The sad part of this whole thing becoming a story, however, is the fact that Modano appears to be headed down a rather Brett Favre-like road this summer. Or is it a Mats Sundin-like road? I guess we’ll see if Modano joins the ranks of poker players to find out.
Predators’ P.K. Subban named EA Sports NHL 19 cover athlete
As announced during Wednesday’s NHL Awards, P.K. Subban of the Nashville Predators will be the cover athlete for EA Sports’ NHL 19 video game.
This is Subban’s first time on the cover of the series, which featured Edmonton Oilers captain Connor McDavid last year.
More details from EA:
For the first time in franchise history, NHL® 19 allows players to journey from the pond to the pros and play on outdoor rinks in new and returning game modes. Players can create a character and express their look and playstyle with over 900 new customization items including, for the first time, lifestyle apparel inspired by pond hockey. On the ice, the cutting-edge animation technology Real Player Motion (RPM) Tech delivers explosive-edge skating with more acceleration and responsiveness that looks and feels better. NHL® 19 also lets players compete with and against over 200 of the greatest hockey legends to ever play the sport, including Wayne Gretzky.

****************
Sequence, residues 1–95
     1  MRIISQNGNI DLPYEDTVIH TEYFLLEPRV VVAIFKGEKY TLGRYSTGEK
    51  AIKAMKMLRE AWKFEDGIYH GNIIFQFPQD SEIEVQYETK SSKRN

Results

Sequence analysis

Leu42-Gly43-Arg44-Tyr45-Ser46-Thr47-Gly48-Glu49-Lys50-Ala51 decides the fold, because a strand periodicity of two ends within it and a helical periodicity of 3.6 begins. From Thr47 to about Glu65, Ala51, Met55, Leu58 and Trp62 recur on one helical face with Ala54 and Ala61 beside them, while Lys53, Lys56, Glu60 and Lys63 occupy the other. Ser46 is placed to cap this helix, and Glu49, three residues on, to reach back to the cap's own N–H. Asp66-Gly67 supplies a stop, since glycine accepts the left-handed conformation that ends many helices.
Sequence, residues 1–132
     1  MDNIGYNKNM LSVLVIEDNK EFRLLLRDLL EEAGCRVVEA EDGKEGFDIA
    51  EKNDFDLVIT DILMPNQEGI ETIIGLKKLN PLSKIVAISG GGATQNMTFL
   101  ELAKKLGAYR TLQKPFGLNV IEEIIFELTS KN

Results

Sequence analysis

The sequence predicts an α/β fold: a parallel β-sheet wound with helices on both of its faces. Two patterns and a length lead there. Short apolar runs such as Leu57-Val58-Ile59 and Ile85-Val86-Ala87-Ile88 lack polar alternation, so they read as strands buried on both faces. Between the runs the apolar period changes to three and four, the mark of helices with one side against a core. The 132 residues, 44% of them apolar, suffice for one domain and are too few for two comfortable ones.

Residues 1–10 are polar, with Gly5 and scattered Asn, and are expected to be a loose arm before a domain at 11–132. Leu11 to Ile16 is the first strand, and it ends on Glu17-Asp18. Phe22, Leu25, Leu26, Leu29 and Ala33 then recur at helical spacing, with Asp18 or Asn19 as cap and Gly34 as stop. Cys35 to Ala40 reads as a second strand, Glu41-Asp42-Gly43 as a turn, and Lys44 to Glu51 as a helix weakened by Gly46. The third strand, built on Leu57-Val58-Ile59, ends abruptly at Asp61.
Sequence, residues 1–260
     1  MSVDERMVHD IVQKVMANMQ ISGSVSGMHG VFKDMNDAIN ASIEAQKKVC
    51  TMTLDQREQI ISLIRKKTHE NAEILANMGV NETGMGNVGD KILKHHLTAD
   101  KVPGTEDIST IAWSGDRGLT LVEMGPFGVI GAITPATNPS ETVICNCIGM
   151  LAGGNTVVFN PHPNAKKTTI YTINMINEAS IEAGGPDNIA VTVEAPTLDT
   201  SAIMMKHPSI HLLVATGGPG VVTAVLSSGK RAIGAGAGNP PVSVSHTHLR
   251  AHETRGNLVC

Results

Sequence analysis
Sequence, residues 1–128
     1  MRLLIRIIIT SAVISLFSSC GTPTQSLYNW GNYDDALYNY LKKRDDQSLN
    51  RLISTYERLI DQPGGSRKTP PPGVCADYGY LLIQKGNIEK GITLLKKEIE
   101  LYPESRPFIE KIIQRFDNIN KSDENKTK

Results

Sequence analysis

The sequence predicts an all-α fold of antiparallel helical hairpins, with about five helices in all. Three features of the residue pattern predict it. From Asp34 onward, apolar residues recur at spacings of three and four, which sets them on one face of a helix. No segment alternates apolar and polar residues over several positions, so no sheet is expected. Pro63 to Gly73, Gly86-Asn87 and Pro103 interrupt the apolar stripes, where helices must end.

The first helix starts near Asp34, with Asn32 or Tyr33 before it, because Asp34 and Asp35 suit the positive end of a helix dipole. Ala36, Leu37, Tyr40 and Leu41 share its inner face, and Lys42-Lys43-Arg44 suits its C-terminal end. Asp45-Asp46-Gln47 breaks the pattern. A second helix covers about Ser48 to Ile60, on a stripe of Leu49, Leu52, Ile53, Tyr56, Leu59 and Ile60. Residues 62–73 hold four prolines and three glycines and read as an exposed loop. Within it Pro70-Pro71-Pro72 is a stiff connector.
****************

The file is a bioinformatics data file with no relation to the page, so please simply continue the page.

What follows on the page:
In NHL® 19, the sport returns to the ponds where players can compete under a unified progression hub called World of CHEL that unites EA SPORTS Hockey League, NHL THREES™ Drop In and two new modes, NHL ONES™ and Pro-Am. NHL ONES™ pits three players against each other in a 1v1v1 free-for-all with no rules and no stoppages. Players can win to rank up to new outdoor locations and defend their position as king-of-the-hill. Players can also play in any World of CHEL mode to progress their online Create-A-Character, unlock rewards, and customize their look and their playstyle.